CLARK, NJ - They came to remember James A. Nelson. They came to remember the 2975 others who perished that day. They came to remember the events of Sept. 11, 2001. On Sunday morning, a large crowd of government officials, police, firemen, emergency service workers , boy scouts and residents joined in the Township of Clark’s annual 911 Memorial ceremony at the James A. Nelson Memorial Park on Broadway.
Nelson, a port authority police officer, is the only Clark resident to have died that day. His wife Roseanne and daughter Caitlin, who was just 5 when she lost her father, joined in the memorial service.
“They displayed such strong braveness throughout this,” Mayor Sal Bonaccorso said. “And I know we as a community wanted to be there for them in any possible way. Today we think of Jim; we think of all the people who were lost in that tragedy. We also should be thinking about the brave police, fire and EMT people who were there; who are losing their lives, prematurely, to some of the things that went airborne there.”
Survivor Ed Ruth watched the Towers come down from the corner of Broadway and Vesey Street. He worked at Marsh and McLennan, a company that lost nearly 300 employees in the attack. Ruth told of his walk, and then cab ride north. Ruth said his memories of that day are crystal clear. He took shelter in the New York Life Building until he was able to make his way home.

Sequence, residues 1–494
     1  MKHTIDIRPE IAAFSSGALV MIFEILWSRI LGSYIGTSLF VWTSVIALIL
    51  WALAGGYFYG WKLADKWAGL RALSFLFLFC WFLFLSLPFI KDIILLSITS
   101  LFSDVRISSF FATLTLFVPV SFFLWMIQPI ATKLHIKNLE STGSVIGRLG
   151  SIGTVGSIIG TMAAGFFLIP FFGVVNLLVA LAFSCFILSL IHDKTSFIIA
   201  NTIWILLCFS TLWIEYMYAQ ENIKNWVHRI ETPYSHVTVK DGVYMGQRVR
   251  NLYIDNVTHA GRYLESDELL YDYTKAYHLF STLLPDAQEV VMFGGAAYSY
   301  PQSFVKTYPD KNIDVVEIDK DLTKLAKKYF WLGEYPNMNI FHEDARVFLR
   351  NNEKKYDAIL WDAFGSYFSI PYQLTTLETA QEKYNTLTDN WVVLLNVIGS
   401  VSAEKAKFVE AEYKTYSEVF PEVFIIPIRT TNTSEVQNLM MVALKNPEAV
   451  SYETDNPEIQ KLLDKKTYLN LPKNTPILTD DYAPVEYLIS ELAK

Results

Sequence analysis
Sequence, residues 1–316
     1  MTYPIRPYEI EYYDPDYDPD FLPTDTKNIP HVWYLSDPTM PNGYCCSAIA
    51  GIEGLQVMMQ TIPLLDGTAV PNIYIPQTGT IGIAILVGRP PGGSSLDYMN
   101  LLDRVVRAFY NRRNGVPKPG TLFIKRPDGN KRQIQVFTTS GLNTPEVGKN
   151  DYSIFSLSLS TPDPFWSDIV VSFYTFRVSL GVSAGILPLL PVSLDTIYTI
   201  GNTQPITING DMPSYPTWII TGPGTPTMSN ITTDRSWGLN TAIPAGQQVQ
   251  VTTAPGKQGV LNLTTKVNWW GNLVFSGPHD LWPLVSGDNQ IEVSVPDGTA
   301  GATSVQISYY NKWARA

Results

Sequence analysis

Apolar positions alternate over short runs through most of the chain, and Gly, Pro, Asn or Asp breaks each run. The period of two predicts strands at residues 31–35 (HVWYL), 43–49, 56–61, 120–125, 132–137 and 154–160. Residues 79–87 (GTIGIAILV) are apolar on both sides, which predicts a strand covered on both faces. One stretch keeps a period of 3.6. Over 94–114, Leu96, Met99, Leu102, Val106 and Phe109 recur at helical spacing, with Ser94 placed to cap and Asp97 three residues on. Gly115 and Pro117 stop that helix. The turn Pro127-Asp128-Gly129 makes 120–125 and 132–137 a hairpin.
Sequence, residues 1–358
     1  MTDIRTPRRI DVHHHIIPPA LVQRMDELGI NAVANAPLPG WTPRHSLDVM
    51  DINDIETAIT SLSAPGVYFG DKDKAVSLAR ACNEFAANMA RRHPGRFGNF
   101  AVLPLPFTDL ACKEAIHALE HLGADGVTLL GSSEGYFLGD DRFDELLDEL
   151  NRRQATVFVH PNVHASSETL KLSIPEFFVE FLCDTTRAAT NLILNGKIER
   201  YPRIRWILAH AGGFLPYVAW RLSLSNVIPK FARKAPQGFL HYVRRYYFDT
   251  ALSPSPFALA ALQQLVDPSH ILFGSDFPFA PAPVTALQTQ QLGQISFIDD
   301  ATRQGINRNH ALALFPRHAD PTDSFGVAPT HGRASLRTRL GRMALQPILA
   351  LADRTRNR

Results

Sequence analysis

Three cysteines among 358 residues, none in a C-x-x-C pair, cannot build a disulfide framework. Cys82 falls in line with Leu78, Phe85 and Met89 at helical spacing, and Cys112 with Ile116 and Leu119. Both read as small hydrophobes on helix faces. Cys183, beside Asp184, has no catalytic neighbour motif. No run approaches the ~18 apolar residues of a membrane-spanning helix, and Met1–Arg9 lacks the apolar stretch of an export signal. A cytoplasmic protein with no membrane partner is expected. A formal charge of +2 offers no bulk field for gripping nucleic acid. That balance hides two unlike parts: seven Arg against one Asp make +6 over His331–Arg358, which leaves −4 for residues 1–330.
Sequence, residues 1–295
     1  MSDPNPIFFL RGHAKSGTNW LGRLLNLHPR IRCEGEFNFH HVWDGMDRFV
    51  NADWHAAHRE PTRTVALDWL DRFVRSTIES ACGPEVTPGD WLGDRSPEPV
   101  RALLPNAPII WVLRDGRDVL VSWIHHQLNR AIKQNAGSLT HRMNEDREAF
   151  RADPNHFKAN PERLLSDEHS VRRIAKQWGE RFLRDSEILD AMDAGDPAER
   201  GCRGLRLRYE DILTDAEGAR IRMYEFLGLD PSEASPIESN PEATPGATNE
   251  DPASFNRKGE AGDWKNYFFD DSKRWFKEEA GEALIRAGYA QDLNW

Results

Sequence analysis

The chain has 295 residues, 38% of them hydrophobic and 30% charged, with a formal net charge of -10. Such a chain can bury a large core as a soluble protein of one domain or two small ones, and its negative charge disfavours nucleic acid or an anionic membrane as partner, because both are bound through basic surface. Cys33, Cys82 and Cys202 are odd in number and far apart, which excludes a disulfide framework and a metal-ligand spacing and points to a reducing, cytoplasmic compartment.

“I watched out the window as people from ground zero walked north like zombies, covered in white debris,” Ruth said. “I still didn’t fathom the extent of the destruction. “America changed forever. In the 15 years that have passed, lives and structures have been rebuilt, but the memories have not faded.”
Clark resident Matt Kane led the large group who had assembled for the ceremony in the singing of the National Anthem.
Caitlin Nelson said her sister, Anne, did not attend the morning ceremony as she was among the 9-11 children who would sing the National Anthem at the Sunday afternoon Jets football game. Nelson said she and her sister are close to many of the 9-11 children through their involvement in “America’s Camp,” an annual retreat designed to help the children cope with their loss.
She said the camp was a place of healing that left her and her sister with the desire to give back. The Nelson girls and other 9-11 children have worked with the survivors of the Sandy Hook School shooting as they struggle through their loss.
“It’s about positive change,” Caitlin Nelson said. “It’s about healing and helping. It’s about paying it forward.”
James A. Nelson was remembered along with all those who died on 9-11 in a luminaria commemoration at St. Bartholomew's Church in Scotch Plains on Saturday evening.
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